Interest rates are at its lowest in the last decade
As almost half of 2020 has been completed, it’s time to look back over the past ten years. You may have reached a certain financial goal and took steps for them. If you have looked at the performance of your savings account in the 2010s, you could be disheartened a bit. Interest rates have been all time low since the global recession in 2008 in order to promote spending and keeping up the economy. Whether you’ve had a mortgage or a loan, you would be pleased to know that borrowing has been more affordable than ever. You may have not seen a lot of returns for the efforts, if you have been saving for the past 10 years.
The Bank of England had just 0.5% of interest rate, which is a lot below the average for the initial 5 years of the past decade. It dipped even more than 0.25% in August 2016. In 2017 and 2018, there have been two increases and it reached up to 0.75%. The Bank of England could come up with another hike over the next few months to come. But uncertainty is still getting an impact and low interest rates could be the future too.
The impact of low interest rates
Savers were used to earn around 5% on savings before the financial downturn. Hence, your savings would have grown significantly in the 1990s and 2000s. But the actual impact is not clear from low interest rates until you look at inflation over the same time period.
The cost of living (inflation) is measured with the Consumer Price Index (CPI) in the UK. There have been higher benefits from interest rates for your savings as compared to inflation. For the most part, inflation has outperformed the base rate on Bank of England.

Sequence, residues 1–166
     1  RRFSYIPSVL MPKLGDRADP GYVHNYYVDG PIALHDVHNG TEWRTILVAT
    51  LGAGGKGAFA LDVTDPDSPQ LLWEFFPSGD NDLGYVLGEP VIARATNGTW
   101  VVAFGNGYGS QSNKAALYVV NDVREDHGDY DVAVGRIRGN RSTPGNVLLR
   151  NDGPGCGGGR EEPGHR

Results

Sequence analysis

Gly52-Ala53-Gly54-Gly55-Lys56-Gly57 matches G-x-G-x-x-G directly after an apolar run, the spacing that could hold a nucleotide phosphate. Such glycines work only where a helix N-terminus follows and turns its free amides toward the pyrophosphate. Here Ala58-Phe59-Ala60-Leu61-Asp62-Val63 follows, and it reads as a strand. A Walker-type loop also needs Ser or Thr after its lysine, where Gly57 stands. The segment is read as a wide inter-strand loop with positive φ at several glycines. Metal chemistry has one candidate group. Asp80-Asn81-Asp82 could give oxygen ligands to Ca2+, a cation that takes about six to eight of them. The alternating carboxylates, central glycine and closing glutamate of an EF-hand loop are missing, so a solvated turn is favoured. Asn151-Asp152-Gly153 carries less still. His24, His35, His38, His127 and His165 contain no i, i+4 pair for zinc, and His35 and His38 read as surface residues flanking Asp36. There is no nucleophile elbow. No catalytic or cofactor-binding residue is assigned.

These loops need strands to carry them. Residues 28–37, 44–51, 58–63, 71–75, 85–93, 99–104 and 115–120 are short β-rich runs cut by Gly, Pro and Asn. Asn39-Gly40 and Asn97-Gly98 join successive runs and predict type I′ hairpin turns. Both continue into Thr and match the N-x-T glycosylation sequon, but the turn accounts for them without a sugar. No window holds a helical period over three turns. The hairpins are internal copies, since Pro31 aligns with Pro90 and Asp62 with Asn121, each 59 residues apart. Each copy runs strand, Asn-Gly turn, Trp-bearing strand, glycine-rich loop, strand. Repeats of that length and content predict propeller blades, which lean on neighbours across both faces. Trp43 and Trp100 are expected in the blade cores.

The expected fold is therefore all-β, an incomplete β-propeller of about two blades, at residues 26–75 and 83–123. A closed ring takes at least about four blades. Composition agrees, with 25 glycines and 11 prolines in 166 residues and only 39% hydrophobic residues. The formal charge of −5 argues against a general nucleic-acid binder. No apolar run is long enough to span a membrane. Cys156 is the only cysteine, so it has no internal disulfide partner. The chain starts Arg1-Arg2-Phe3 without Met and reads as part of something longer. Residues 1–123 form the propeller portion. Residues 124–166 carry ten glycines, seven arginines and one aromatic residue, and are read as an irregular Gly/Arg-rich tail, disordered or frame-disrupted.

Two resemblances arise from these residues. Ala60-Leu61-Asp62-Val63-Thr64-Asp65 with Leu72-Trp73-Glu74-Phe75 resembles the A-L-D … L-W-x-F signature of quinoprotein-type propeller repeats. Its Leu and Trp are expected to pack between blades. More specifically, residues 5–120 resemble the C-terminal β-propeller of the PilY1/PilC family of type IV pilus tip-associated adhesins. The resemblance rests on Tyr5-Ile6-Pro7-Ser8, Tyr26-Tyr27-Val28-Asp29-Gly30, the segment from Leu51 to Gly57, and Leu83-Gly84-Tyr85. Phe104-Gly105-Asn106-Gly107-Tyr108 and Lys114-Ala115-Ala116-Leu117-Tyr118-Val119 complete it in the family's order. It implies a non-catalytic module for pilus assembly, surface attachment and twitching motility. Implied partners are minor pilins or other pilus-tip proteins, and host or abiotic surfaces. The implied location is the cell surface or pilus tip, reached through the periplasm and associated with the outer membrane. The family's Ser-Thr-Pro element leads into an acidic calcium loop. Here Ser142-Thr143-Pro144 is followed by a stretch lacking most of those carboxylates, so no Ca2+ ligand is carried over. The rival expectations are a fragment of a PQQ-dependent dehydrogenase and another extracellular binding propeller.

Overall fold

How does it affect your savings? The value of money has always been the same when interest rate matches inflation. It has the similar spending potential. But your money loses value in reality when inflation goes up.
It is not easy to completely know the effects of inflation, particularly when it comes to a short time period.
Is it the right time to invest?
First of all, investment is not the right way to grow savings for everyone. You can invest only for the long term benefits. Investing may not be the right choice if you might use savings in the next few years. Don’t invest in an emergency fund. If you want to improve your wealth in the next ten years or so, you may want to invest. Stock markets have outperformed inflation over the years. This way, you can have the opportunity to keep up with your spending power of spending. But it rises in the long run. It could be helpful to grow the money at a rapid rate for people with capital for investment.